Amortizing Swap

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DEFINITION of 'Amortizing Swap'

An exchange of cash flows, one of which pays a fixed rate of interest and one of which pays a floating rate of interest, and both of which are based on a notional principal amount that decreases. In an amortizing swap, the notional principal decreases periodically because it is tied to an underlying financial instrument with a declining (amortizing) principal balance, such as a mortgage.

INVESTOPEDIA EXPLAINS 'Amortizing Swap'

The notional principal in an amortizing swap may decline at the same rate as the underlying or at a different rate which is based on the market interest rate of a benchmark like mortgage interest rates or the London Interbank Offered Rate. The opposite of an amortizing swap is an accreting principal swap - its notional principal increases over the life of the swap. In most swaps, the amount of notional principal remains the same over the life of the swap.

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RELATED FAQS
  1. What is the difference between amortization and depreciation?

    Because very few assets last forever, one of the main principles of accrual accounting requires that an asset's cost be proportionally ... Read Full Answer >>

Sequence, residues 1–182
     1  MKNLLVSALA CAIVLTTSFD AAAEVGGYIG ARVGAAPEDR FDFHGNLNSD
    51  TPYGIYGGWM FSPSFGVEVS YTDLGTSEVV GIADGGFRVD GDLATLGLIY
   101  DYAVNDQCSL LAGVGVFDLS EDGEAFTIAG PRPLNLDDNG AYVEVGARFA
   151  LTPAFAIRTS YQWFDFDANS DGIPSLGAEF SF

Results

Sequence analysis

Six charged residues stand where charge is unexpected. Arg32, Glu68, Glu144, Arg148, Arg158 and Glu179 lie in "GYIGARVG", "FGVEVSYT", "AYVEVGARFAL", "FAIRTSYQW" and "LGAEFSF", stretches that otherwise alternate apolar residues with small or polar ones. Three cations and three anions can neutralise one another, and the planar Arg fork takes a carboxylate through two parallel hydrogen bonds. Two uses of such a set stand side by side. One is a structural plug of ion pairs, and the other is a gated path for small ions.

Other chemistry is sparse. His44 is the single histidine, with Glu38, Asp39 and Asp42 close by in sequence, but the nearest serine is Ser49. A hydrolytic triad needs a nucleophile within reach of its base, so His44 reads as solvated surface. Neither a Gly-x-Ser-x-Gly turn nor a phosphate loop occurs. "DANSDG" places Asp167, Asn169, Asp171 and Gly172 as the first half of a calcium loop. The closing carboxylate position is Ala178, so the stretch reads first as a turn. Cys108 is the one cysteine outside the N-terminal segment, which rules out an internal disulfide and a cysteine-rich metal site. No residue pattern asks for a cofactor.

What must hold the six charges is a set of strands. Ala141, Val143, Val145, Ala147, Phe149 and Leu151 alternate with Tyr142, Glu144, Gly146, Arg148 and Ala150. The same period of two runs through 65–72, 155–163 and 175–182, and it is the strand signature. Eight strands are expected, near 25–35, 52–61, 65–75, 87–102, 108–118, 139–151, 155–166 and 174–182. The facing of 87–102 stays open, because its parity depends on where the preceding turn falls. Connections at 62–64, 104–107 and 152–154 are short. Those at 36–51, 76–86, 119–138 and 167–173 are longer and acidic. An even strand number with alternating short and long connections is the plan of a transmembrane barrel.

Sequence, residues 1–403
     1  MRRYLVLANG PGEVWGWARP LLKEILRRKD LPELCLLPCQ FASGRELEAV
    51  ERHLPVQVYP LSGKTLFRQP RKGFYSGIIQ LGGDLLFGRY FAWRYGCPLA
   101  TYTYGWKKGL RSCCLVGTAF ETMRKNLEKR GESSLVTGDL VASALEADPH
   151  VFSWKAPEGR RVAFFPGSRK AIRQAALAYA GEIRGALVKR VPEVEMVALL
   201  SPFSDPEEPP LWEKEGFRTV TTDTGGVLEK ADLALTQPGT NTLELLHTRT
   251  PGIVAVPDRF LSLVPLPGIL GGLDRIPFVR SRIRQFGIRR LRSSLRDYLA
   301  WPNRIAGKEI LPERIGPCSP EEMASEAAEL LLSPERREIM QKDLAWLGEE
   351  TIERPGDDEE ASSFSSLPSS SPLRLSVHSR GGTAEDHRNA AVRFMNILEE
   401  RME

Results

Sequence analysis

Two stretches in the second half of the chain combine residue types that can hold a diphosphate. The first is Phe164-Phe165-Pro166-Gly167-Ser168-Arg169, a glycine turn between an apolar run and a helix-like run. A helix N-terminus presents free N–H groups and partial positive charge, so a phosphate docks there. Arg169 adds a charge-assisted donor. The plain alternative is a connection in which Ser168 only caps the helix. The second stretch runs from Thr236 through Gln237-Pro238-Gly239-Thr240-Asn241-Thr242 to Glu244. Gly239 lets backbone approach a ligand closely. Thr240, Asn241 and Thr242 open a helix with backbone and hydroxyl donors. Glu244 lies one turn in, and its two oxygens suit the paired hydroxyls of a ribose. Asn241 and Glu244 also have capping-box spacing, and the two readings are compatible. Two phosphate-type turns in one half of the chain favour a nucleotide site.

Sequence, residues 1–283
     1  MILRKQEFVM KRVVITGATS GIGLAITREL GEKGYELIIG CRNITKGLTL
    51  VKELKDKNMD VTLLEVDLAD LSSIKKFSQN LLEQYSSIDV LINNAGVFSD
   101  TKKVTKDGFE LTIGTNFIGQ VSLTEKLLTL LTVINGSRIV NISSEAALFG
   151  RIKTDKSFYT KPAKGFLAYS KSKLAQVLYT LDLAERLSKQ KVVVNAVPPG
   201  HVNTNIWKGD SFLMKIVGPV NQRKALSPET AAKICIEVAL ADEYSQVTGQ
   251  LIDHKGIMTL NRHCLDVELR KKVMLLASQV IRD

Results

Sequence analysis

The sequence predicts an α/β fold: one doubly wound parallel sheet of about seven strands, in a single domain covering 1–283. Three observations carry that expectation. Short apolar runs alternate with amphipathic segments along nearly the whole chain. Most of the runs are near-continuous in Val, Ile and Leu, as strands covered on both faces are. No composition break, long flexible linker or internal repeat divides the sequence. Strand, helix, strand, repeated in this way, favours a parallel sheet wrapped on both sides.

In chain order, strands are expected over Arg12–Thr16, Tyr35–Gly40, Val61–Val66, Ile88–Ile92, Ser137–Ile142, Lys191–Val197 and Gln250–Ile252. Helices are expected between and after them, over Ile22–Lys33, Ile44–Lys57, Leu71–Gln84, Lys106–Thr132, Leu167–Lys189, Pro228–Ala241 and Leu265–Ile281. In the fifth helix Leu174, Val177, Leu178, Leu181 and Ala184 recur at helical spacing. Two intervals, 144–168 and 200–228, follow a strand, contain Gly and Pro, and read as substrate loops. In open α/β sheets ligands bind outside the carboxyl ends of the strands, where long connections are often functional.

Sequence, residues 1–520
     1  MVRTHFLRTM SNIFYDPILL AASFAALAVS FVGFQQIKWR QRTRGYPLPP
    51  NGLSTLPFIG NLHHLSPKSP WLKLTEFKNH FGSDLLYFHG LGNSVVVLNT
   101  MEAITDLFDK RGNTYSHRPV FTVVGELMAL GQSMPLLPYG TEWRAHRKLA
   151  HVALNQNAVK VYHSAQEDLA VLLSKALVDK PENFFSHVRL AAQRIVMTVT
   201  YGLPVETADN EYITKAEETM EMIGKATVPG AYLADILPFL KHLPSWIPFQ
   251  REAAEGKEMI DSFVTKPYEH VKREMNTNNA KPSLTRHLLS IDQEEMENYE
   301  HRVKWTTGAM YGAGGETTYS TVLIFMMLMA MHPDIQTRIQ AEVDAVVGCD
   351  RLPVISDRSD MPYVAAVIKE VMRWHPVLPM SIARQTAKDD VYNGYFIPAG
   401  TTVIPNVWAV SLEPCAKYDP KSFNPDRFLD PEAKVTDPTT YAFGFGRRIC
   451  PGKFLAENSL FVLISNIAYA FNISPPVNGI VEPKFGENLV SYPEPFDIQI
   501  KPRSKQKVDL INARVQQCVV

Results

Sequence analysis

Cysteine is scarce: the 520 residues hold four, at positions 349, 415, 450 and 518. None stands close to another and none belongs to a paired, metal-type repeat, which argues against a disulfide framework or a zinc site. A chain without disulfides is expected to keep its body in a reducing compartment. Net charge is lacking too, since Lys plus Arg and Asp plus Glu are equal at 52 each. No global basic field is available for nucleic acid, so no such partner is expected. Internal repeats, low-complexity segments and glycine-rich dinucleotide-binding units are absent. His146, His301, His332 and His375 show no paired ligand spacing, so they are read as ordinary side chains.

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    Swaps are derivative contracts between two parties that involve the exchange of cash flows. Interest rate swaps involve exchanging ... Read Full Answer >>
  3. When was the first swap agreement and why were swaps created?

    Swap agreements originated from agreements created in Great Britain in the 1970s to circumvent foreign exchange controls ... Read Full Answer >>
  4. How are swap agreements financed?

    Since swap agreements involve the exchange of future cash flows and are initially set at zero, there is no real financing ... Read Full Answer >>
  5. What are the risks involved with swaps?

    The main risks associated with interest rate swaps, which are the most common type of swap, are interest rate risk and counterparty ... Read Full Answer >>
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